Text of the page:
In a conversation with the chief rabbi of Singapore, he learned that it is almost impossible to do business in Malaysia if you are Jewish. Malaysia is one of many countries that forbid entry to anyone holding an Israeli passport. On this trip, he made sure to avoid conversations about his Jewishness.

Ohrenstein also saw the main synagogue in Turkey that was attacked by ISIS twice. “You could still see the bullet holes,” he recounted. He also mentioned that there are helmets under the seats – a scary reality to think about.

He was most surprised by the “amazing amount of receptivity to Israel and Israeli business culture” in the Gulf states. “It was unbelievable to walk around downtown Dubai and see kippot. I didn’t even see that in Brussels,” he recalled. “It is safer to be Jewish in some Arab counties than in Europe.”

“It was unbelievable to walk around downtown Dubai and see kippot. I didn’t even see that in Brussels. It is safer to be Jewish in some Arab counties than in Europe.”

Isaac Ohrenstein

Regarding Jewish life, he said there is an incredible vibrancy that he didn’t fully grasp until arriving, both in terms of diversity of practices and communities. He emphasized that the locals appreciated “that someone Jewish respected their culture,” saying also that “people hear you are Jewish and call you their brother.” Overall, he sensed the warmth and community throughout the Arab world.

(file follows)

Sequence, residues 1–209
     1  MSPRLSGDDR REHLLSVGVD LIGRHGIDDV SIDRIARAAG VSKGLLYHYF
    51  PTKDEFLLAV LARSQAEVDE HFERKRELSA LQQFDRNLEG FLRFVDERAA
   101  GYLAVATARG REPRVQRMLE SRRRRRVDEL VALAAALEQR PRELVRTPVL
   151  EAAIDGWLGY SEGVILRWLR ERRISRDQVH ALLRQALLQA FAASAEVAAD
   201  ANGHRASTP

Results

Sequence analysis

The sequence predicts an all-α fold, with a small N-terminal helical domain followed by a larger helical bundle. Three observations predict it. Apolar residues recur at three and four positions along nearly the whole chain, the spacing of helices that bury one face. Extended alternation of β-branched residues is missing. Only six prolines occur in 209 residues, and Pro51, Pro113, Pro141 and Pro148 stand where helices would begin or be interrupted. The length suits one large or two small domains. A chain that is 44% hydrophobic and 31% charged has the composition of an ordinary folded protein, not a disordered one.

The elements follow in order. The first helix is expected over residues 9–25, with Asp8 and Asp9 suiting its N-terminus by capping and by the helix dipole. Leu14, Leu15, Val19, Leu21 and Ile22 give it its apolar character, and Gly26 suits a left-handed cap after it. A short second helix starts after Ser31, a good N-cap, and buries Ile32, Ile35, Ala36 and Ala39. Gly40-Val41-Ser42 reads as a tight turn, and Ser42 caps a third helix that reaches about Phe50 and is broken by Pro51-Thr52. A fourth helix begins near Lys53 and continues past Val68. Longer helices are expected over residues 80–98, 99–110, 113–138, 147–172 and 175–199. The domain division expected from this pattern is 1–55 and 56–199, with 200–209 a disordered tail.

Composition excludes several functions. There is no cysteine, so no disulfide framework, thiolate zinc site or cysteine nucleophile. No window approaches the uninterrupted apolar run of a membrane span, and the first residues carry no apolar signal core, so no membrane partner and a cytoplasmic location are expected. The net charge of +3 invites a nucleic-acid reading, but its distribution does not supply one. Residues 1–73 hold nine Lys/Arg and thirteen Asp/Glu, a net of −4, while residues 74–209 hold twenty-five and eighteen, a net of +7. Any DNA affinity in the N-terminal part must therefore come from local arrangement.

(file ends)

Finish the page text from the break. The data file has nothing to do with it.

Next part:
When it came to the issue of Palestinians, Ohrenstein observed that opinions depended on the physical proximity to the conflict. For example, he said people in Azerbaijan and Kazakhstan did not  care much, whereas in Qatar there is a “real sense of affinity to the Palestinians.” In Jordan, he felt there was a delicate balance between the desire for Israeli tourist money and a discomfort with serving Israelis.

In general, though, his Jewishness was rarely an issue, as he proudly donned a kippah in many countries.

Ohrenstein believes that the “Western dream remains alive in Arab states,” which see Israel as intangibly associated with that dream. “Just look at the popularity of McDonald’s, KFC and the Hard Rock Cafe in these countries,” he noted. “The [local population] wants to travel and have the opportunity to retire. Doing business with Israel means getting to that place.”

Ohrenstein, who is majoring in social studies at Harvard, with a focus on politics and economics, hopes to translate his experiences into building relations between Jews and Arabs. In particular, he sees hope coming from the Abraham Accords. At some point he plans to make aliyah; in the meantime, he will be interning in Israel this summer with a venture capital company.

“I really want people to see that doing [a trip like this] is possible. I felt very boxed in at yeshiva and in an American bubble in Israel,” he said. “I remember sitting in the beit midrash (study hall) and booking flights. This trip really broadened my horizons and let me build relationships. It is something that gives hope.”

He joked that people initially thought he was crazy to embark on this journey. They were concerned about his safety and felt he might be wasting his time. But now, he said, they see the power in connecting with others and the value of interaction to dispel hate and bring people across the region, and the world, together. ❖